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I use Express.JS to serve static content:

express.use(express.static('./../'));

When index.html is served, I would like to send a cookie alongside the response indicating if the user is signed in or not. Normally one should use res.cookie() but I cannot see how to use it for statically served content.

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there's a typo in static :) – esp Jan 16 '13 at 16:14
up vote 4 down vote accepted

Not sure why you need to do this, but you can place your own middleware before the static module.

The following quick hack should work:

function attach_cookie(url, cookie, value) {
  return function(req, res, next) {
    if (req.url == url) {
      res.cookie(cookie, value);
    }
    next();
  }
}

app.configure(function(){
  app.use(attach_cookie('/index.html', 'mycookie', 'value'));
  app.use(express.static(path.join(__dirname, 'public')));
});

The above inserts another function in the chain of middleware express uses before the static middleware. The new layer attaches the cookie to the response if the URL matches the specific one you are looking for -- and passes the response further down the chain.

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Consider also the following approach:

  1. If your express is behind web-server you can serve static files without bothering express - it should be faster than via middle-ware. If you use nginx, this can help: Nginx Reverse Proxying to Node.js with Rewrite.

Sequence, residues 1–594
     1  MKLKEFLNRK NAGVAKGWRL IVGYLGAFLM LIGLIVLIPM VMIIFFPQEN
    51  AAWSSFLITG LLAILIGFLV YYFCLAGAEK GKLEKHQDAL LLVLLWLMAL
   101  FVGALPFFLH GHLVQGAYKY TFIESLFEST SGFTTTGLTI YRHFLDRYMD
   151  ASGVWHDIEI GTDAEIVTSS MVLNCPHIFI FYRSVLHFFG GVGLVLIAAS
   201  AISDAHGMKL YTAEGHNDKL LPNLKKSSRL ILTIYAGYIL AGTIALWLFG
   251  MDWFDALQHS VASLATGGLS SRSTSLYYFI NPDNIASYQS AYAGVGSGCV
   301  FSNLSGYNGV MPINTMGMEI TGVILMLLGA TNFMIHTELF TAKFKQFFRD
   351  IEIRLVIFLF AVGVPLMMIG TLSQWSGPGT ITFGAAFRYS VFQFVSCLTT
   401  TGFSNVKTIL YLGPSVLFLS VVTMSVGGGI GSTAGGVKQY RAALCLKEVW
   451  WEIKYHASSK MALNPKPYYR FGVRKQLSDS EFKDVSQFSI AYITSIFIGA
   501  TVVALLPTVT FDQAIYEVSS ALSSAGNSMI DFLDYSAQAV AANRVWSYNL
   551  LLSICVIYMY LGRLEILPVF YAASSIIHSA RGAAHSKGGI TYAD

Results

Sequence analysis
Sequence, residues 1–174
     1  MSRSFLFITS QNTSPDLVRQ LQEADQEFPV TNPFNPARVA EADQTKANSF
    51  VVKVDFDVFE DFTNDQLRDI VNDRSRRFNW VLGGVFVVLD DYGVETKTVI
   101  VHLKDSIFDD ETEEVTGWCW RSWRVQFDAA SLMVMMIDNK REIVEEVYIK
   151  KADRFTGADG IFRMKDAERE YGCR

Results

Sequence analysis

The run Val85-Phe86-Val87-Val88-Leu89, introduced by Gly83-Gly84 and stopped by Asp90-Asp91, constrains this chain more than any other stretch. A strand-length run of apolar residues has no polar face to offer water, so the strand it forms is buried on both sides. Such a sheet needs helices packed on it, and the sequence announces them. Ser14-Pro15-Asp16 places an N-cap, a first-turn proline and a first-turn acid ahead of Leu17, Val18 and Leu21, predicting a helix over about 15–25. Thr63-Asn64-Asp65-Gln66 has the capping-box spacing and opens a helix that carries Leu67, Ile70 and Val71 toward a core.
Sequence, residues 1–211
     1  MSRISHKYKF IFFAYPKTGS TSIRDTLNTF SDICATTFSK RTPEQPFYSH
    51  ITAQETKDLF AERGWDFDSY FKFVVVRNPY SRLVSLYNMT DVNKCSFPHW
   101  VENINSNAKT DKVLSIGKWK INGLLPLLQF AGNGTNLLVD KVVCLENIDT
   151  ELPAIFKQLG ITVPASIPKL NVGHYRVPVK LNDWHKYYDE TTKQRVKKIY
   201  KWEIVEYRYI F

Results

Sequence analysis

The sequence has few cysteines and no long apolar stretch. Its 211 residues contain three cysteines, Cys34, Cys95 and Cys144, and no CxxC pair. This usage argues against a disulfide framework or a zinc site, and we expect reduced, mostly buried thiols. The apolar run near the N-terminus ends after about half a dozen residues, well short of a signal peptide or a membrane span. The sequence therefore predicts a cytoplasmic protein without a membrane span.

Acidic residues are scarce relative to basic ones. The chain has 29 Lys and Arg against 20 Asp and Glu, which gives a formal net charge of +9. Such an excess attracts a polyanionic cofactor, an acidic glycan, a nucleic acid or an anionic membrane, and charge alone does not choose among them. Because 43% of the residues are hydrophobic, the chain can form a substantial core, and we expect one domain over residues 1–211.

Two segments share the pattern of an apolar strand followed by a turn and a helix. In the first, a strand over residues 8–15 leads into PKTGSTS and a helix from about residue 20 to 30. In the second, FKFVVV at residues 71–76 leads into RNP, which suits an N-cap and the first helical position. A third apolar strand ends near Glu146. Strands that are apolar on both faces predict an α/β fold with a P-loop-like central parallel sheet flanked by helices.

2. Assuming that your static file has javascript in it, you can also set cookies directly on the client side only requesting from express the data you need for this cookie:

    document.cookie = "user_id=" + user_id;
    

    Flanagan's JS definitive guide (edition 6!) has an excellent coverage on how to use cookies in client-side javascript (in addition to being the best among JavaScript books :).

It can be a trivial advice, but I have seen the following flow (more than once): client sends API request (which has a cookie attached to it, obviously), server gets data from the cookie and serves the response completely built on the data contained in this cookie. All this instead of just quietly reading this cookie in the client. Basically client asks the server what it has in its own cookie.

In your scenario you need to request user_id/access_key only once and then always check the cookie in the client, going to the server only for the data that client doesn't already have, but storing and checking session state and, maybe, some compact data used in most pages (such as username, e.g.) in cookies locally (you can also cache data in local storage, to reduce the server load even further). In this case, express won't even know if a user accidentally refreshes the page (if you don't change URLs to reflect application state as well, of course, or only change #-part).

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